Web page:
All ordered directions are given in 3 digits, a 90 degree turn to the right would be ordered as 090. The first 3 digits given are always for horizontal changes, turns, where as the second set, separated by a dash in text and verbally stated as ‘mark’ denotes the change in pitch.

Examples: “Turn to a heading of 080 mark 179” would mean a turn of 80 degrees to starboard (right) and a vertical pitch change of 179 degrees. This would cause the ship to be travelling ninety degrees to port of its original direction of travel, inverted relative to the galactic plane.

For orders to ‘inverted’ directions, such as those from the example above, the helm officer will make all effort to keep the ship aligned to the galactic plane by rolling the ship to level. The only exceptions to this are 0 marker 090 and 0 mark 270 where roll has no relevance unless there is a risk of collision.


Course/Heading

Example of a course line

“Course” or “Heading” both have the same meaning: The angle between the ship’s track and the straight line to the core of the galaxy. The course is the principal information necessary for the helm officer to a navigate to a distant point. However caution is necessary when using this data. The reason is that since the galaxy is disc shaped, the lines to the core are not parallel but converging. This means that during long trips on a given course the ship’s track will be curved.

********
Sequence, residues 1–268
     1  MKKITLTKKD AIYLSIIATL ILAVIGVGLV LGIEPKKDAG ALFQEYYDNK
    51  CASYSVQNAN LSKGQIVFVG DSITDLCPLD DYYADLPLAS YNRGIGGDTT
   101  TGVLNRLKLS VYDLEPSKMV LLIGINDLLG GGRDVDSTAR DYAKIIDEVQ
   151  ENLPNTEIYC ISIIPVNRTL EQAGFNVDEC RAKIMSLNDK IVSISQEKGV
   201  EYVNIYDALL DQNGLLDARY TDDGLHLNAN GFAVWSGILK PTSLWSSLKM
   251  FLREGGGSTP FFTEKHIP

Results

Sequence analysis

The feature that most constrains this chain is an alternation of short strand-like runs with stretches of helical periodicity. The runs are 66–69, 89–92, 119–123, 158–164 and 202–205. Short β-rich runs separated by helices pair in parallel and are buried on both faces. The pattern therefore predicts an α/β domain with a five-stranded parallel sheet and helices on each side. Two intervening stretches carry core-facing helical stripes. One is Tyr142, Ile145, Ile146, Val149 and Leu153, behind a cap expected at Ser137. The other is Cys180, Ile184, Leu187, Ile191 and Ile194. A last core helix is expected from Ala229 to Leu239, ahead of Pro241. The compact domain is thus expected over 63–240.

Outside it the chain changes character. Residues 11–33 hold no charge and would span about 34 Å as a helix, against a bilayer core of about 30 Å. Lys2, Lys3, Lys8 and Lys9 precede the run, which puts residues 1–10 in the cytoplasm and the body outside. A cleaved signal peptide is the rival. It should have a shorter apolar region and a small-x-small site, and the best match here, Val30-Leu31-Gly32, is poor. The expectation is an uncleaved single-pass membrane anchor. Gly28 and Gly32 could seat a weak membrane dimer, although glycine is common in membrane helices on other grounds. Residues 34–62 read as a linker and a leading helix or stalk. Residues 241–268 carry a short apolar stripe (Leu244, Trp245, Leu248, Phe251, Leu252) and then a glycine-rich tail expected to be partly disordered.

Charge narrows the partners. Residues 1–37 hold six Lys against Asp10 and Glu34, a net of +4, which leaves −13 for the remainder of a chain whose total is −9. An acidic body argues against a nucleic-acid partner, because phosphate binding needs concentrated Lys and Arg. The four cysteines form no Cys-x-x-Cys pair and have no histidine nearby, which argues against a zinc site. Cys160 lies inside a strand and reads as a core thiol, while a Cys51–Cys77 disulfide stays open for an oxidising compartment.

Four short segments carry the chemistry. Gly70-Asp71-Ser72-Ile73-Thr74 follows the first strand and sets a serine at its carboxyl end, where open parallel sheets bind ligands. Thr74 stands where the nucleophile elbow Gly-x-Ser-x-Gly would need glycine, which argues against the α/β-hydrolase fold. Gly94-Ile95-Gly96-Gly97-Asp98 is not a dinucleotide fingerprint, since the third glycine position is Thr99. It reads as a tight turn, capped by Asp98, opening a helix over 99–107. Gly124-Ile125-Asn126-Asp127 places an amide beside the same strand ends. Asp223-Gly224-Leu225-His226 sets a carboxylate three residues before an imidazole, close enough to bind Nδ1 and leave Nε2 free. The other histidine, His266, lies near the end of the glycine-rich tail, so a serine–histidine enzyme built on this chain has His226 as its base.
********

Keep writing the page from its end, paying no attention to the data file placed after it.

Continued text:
Another important issue in setting a course is the random drift caused by the local gravitational fields all along the flight track. The belief that a flight in interstellar space will evolve without any drift is a misconception resulting from the fact that the space – time fabric in interstellar space is almost flat. Following the geometric equivalence, massive space bodies’ gravity fields interact with space – time fabric and finally distort it. The result of this is that the flight path of a starship will be subjected to cross track errors, all along the trip, due to the random drift caused on the space ship following the local distortion of the space – time fabric. As distances in space are enormous, an infinitesimal error or drift of a fraction of degree will result to considerable cross-track errors in tracks and therefore the ship risks never reaching its intended destination point.